2017-03-31 03:37
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Over months I've read tons of articles about Go and best practices. Among those articles are numerous google searches and SOF searches regarding how to and the best way to serve static files.

This is what I currently have

fs := http.FileServer(http.Dir("static/"))
myRouter.PathPrefix("/static/").Handler(http.StripPrefix("/static/", fs))

myRouter.PathPrefix("/admin/static/").Handler(http.StripPrefix("/admin/static/", fs))
myRouter.PathPrefix("/admin/accounts/static/").Handler(http.StripPrefix("/admin/accounts/static/", fs))
myRouter.PathPrefix("/admin/admin_tools/static/").Handler(http.StripPrefix("/admin/admin_tools/static/", fs))
myRouter.PathPrefix("/admin/audit_tools/static/").Handler(http.StripPrefix("/admin/audit_tools/static/", fs))
myRouter.PathPrefix("/admin/demand/static/").Handler(http.StripPrefix("/admin/demand/static/", fs))
myRouter.PathPrefix("/admin/optimization/static/").Handler(http.StripPrefix("/admin/optimization/static/", fs))
myRouter.PathPrefix("/admin/reports/static/").Handler(http.StripPrefix("/admin/reports/static/", fs))
myRouter.PathPrefix("/admin/setups/static/").Handler(http.StripPrefix("/admin/setups/static/", fs))
myRouter.PathPrefix("/admin/queue/static/").Handler(http.StripPrefix("/admin/queue/static/", fs))
myRouter.PathPrefix("/admin/tagservers/static/").Handler(http.StripPrefix("/admin/tagservers/static/", fs))
myRouter.PathPrefix("/admin/client/static/").Handler(http.StripPrefix("/admin/client/static/", fs))
myRouter.PathPrefix("/client/static/").Handler(http.StripPrefix("/client/static/", fs))

My issue with this is that for every path I have to add a new line to cover where the static files come from. Most examples show how it's done when you have a single landing page with no real navigations built into it. Coming from a Python background I suppose I was bit spoiled with some of the lightweight frameworks, such as Flask and Tornado, where one just points to the static folder once.

Another issue with this current setup is it doesn't play nice with NGINX. Again with frameworks like Flask and Tornado, all you have to do in NGINX is set the static location once. With Go I have to set the static location just like the code above (by defining each path).

Has anyone found a better way to serve static files? I know in theory a function could probably be written to automate it, but it wouldn't really change the fact that each path has to be accounted for on the app level and NGINX level.

UPDATE: In reply to @mkopriva I've attached two screenshots. The first is of the browser running the app with dev tools open to show the 404s on the static files. The Second is of the server code, to produce those errors all I did was comment out one line. The line that handles the audit_tools path. If I uncomment it everything routes no problem.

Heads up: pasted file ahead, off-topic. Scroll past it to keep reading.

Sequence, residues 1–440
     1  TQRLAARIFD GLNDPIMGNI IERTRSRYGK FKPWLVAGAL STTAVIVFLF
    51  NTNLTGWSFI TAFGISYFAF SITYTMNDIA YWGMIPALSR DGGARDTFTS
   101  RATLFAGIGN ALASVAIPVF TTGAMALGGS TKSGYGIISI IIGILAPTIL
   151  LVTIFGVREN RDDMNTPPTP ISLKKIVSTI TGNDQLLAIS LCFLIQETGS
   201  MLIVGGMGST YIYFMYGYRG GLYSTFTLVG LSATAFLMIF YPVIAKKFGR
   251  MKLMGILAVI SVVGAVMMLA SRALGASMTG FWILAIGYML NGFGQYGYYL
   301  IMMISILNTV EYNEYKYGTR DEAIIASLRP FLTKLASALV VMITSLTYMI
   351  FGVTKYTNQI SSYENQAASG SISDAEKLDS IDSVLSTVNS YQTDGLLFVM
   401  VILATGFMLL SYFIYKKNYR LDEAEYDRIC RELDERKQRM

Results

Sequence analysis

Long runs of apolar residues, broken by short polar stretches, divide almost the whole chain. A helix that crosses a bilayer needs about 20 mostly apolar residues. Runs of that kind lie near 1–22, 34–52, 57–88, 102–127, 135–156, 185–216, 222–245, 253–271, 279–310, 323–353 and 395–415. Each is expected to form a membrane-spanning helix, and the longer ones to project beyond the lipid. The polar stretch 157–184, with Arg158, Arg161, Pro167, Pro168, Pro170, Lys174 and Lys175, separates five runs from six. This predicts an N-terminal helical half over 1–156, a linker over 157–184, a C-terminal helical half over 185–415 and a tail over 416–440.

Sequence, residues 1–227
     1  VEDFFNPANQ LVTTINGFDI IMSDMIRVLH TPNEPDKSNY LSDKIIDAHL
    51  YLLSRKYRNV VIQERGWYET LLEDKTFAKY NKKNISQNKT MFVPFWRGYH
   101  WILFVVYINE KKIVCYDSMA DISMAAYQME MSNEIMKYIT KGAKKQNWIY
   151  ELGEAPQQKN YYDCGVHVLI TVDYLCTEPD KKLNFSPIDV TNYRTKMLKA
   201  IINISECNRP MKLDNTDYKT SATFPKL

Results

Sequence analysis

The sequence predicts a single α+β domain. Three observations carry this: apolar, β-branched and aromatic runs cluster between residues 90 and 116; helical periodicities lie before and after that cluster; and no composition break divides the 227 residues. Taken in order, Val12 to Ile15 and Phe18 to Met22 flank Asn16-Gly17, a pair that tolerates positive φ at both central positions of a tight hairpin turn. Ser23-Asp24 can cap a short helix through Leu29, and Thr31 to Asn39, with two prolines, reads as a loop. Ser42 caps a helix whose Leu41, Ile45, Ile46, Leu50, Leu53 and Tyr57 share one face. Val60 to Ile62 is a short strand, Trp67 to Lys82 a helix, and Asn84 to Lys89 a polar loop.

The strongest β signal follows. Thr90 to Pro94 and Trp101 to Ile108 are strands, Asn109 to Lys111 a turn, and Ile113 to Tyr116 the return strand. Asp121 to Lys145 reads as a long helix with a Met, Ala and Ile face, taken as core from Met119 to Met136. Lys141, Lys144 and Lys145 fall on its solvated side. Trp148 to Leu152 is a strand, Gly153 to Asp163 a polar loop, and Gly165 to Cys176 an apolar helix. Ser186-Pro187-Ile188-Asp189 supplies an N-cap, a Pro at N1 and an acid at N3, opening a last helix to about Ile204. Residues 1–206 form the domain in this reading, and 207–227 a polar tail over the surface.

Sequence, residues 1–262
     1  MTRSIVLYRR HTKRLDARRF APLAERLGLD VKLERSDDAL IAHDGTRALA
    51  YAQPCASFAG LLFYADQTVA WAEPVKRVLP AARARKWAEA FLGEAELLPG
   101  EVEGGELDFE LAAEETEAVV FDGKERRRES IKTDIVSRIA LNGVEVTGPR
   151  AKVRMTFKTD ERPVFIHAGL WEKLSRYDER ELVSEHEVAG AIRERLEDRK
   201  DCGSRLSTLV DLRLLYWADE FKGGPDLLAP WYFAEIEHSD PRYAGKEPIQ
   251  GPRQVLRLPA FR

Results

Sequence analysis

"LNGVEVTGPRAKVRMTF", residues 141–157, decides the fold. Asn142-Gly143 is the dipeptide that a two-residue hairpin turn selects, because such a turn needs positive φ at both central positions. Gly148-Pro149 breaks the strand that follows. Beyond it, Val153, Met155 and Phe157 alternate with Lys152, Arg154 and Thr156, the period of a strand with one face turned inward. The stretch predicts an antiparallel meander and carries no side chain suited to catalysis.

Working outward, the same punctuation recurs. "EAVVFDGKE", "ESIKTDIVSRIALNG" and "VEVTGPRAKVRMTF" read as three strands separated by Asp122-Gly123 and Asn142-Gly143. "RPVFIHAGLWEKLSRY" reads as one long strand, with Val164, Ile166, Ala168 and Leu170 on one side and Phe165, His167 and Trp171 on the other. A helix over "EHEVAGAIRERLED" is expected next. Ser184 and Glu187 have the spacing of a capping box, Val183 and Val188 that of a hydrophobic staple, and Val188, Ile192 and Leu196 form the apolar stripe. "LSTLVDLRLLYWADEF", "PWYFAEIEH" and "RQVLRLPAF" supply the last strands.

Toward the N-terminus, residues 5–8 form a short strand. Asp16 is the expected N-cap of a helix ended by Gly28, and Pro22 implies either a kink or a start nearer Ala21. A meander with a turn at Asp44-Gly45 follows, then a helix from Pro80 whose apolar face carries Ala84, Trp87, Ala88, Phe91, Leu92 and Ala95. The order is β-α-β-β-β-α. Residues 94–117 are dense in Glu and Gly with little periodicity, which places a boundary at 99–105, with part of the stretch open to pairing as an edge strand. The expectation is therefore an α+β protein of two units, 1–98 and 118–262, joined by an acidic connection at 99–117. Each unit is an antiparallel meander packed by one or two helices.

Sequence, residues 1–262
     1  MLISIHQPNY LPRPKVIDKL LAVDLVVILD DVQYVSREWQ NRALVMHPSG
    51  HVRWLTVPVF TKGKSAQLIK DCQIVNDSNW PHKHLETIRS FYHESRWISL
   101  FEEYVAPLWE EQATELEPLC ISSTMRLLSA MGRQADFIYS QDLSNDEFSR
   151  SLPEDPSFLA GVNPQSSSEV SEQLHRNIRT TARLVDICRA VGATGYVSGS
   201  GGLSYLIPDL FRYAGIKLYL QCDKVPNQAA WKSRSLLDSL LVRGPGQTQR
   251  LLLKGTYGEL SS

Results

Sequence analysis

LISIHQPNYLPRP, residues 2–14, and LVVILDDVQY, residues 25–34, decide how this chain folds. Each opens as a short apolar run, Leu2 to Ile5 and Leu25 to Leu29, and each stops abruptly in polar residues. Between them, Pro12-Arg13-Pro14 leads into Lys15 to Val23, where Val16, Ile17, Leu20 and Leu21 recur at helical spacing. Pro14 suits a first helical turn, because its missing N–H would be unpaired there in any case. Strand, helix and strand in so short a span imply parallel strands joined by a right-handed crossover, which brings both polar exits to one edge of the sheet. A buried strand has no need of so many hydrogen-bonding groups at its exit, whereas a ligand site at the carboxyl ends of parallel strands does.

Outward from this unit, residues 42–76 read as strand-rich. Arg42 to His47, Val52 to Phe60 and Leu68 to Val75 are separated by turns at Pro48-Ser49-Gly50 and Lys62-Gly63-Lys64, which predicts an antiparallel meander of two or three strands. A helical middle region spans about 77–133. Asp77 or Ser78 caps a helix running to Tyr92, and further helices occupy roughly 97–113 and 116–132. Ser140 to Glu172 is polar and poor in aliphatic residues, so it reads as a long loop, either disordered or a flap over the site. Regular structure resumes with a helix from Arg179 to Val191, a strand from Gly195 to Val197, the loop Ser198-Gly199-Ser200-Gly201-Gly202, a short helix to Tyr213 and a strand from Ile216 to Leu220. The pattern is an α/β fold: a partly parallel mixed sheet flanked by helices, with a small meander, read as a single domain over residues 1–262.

Browser Errors Server code with commented out line

Edit, both @mkopriva and @sberry did a great job. I wish I could pick two correct answers.

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2条回答 默认 最新

  • doutan2111
    doutan2111 2017-03-31 13:44

    All those PathPrefix and StripPrefix calls seem to me to be functionally pointless. If your static directory is inside your Go project and its structure looks something like this:

    ├── main.go
    └── static
        ├── admin
        │   ├── accounts
        │   │   └── file.txt
        │   ├── file.txt
        │   └── reports
        │       └── file.txt
        └── file.txt

    then to serve files from that static directory with Go, all you should really need is this.

    package main
    import (
    func main() {
        fs := http.FileServer(http.Dir("static/"))
        http.Handle("/", fs)
        log.Fatal(http.ListenAndServe(":8080", nil))

    enter image description here

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  • douliao5467
    douliao5467 2017-03-31 07:34

    If you are using nginx to do this work then you don't need Go to do it too (unless you want to be able to run standalone without nginx). If that is the case then you can use a Path call instead of PathPrefix so you can do pattern matching.

    If you are just trying to do this via nginx then something like this should work:

    server {
        listen 8080;
        location ~* ^/static/ {
            root /path/to/directory/containing_static;
        location  ~* ^.*/static/(.*)$ {
            rewrite "^.*/static/(.*)$" /static/$1 last;
        location @forward_to_app {
           # send to your go app here

    You can probably do without the rewrite, but that was an easy approach to take.

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